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Math Help - Proving countability from surjectivity

  1. #1
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    Proving countability from surjectivity

    let f: S --> T be a surjective function
    if S is countable, prove that T is countable

    I see that f(S) = T, but and I know that there is a surjection from the natural numbers to S, and an injection from S to N, but I'm not really sure where to head to show that T is countable...Please help
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  2. #2
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    Quote Originally Posted by blackmustachio View Post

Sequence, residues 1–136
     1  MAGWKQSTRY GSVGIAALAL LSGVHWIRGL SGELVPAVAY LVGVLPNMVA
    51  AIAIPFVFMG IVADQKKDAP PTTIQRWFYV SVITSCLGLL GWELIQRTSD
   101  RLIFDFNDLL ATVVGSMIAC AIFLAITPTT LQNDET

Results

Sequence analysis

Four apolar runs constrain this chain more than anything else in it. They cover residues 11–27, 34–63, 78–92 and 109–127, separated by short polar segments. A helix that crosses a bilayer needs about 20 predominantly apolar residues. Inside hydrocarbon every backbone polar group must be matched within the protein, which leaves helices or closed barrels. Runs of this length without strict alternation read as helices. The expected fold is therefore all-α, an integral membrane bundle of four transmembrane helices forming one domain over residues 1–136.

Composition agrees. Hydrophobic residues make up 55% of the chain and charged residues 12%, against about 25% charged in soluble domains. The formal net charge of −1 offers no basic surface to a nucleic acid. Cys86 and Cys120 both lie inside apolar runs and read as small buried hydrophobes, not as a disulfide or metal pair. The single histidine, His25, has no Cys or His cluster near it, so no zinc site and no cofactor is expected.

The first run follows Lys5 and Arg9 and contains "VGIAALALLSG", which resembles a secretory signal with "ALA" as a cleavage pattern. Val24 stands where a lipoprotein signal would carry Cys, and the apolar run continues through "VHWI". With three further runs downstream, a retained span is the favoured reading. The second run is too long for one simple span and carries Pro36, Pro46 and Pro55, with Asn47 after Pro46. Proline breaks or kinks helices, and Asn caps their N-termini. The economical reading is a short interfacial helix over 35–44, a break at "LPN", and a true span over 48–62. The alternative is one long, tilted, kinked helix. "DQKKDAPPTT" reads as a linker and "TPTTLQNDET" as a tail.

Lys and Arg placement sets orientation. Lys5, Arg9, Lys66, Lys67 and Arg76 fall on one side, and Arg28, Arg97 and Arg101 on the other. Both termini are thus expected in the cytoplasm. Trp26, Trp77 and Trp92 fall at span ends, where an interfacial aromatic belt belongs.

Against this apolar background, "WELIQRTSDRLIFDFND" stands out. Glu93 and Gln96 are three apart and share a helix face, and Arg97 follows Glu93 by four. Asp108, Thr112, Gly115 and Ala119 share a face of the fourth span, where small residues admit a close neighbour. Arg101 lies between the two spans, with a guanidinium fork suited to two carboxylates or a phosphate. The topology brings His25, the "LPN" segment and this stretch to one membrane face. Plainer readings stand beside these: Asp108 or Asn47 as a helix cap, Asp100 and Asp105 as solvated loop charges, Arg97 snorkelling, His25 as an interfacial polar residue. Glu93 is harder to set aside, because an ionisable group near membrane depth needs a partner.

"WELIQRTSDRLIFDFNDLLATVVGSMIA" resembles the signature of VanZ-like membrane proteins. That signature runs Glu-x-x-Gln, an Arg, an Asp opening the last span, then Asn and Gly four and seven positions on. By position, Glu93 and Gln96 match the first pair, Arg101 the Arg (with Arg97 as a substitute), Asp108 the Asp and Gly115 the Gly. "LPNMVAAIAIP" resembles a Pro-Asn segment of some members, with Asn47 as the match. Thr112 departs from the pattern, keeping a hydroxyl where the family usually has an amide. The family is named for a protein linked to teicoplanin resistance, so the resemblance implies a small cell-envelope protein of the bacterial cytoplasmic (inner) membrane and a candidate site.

let f: S --> T be a surjective function
    if S is countable, prove that T is countable.
    Though this answer is a bit late, it may help someone.
    This is a well known theorem: F:A \mapsto B is injective if and only if there is a surjection G:B \mapsto A.
    Because you are given that f:S \mapsto T is a surjection then by the theorem there is an injection h:T \mapsto S.
    Also because S is countable then there in an injection g:S \mapsto Z^ +.
    Hence g \circ h:T \mapsto Z^ +  is an injection, proving that T is countable.
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